What to Do if IRS Misapplied Payment

irs misapplied payment

If you sent a payment to the IRS and later realized the IRS misapplied the payment, take a look at the article below to learn how to resolve the issue.

In this article, we’re taking a closer look at what to do if IRS misapplied payment.

What to Do if IRS Misapplied Payment

The IRS is not infallible – far from it. As they’re tasked with sorting through and verifying over 140 million tax returns from the American people, it’s no surprise that mistakes are made.

Some of these are caught and rectified, leading to thousands of notices going out to taxpayers about outstanding tax liabilities. One of these potential notices is the IRS Notice CP60, which is used to notify taxpayers of misapplied payments, and a due balance.

So, what to do if IRS misapplied payment?

Learn more about Adjustments & Corrections.

What is an IRS Misapplied Payment?

When the IRS goes over a tax account for one reason or another, they might find discrepancies and errors made either by the taxpayer or, in some circumstances, by the IRS themselves.

Math errors are a common occurrence, for instance – when the IRS catches that someone made a mistake when calculating the amount of tax they owed, they send out a math error notice, which can either lead to additional tax costs, or a tax credit (if the taxpayer ended up overpaying). While at times confusing, this is one of the examples of how the IRS tackles errors and mistakes.

When the IRS themselves make a mistake, it’s often in the form of misapplied payments or credit. This means the IRS made a mistake in attributing a tax credit to your account.

They might have mistaken your account for someone else’s or thought you were eligible for a credit that you are not, in fact, eligible for. In turn, they’ve sent out an IRS Notice CP60 notifying you that they’ve rescinded that credit and added to your outstanding tax liability.

What does this mean for you? It means the IRS thought you owed less than you actually do, and they’ve caught and corrected that mistake. In cases where existing credit that you are entitled to doesn’t cover the mistaken payment, you now owe the IRS more money, and you until the specific date will be on the notice itself (typically a  total of 21 days) to respond, either by:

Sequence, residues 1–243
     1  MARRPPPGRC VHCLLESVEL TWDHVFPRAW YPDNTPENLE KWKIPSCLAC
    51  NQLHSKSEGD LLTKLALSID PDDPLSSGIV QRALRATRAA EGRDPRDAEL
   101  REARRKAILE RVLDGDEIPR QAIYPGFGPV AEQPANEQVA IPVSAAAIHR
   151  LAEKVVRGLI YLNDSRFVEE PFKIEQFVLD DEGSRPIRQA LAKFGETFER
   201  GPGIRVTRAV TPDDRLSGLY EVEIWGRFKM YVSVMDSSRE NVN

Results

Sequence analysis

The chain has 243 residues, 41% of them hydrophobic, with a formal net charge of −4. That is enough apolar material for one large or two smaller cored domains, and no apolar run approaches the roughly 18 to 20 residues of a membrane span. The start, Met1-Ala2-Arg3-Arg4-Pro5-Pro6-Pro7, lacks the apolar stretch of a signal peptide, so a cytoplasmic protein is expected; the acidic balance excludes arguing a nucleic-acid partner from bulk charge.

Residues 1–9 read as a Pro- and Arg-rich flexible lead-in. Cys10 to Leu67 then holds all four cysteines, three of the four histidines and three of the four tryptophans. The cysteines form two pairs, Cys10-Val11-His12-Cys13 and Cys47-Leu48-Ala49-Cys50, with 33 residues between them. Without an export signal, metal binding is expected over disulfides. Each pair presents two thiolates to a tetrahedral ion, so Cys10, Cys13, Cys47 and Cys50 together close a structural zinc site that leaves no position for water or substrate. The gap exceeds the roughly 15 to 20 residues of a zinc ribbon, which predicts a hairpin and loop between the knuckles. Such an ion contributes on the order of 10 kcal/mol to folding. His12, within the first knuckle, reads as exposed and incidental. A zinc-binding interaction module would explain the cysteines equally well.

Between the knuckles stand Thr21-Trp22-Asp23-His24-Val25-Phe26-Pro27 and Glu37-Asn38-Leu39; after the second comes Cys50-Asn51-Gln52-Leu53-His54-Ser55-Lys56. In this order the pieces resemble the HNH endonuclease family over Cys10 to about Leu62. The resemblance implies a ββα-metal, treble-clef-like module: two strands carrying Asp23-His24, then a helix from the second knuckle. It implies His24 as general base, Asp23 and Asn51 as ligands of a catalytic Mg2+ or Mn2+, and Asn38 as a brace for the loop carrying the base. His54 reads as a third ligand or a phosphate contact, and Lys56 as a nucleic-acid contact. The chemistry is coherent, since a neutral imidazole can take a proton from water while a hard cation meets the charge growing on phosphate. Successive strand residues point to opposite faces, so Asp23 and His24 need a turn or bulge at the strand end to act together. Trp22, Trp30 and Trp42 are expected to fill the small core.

• Disputing the taxes that you now owe,
  • Disputing penalties (if any),
  • Paying what you owe.

What If You Miss the Deadline for Addressing Your Balance?

If you miss the deadline for paying what you owe, normal IRS penalties and interest will apply.

Failure-to-pay penalties will cause your current tax liability to grow for as long as you do not pay or ask for an extension, at a rate of 0.5 percent of the tax owed for each month, up to 25 percent.

This rate is hiked up to 1 percent each month ten days after a Final Notice of Intent to Levy is filed and is reduced to 0.25 percent upon entering an installment payment plan with the IRS.

The interest rate for outstanding tax costs is a bit different. This compounds daily form the due date until you pay your balance in full and is determined by the federal short-term rate (which is set every three months), plus 3 percent. You can check the appropriate quarterly interest rates for any relevant three-month period through the IRS’s site search. Here are the interest rates for the last quarter of 2020.

Note that failure-to-pay penalties and fees differ from failure-to-file penalties, which are a separate issue.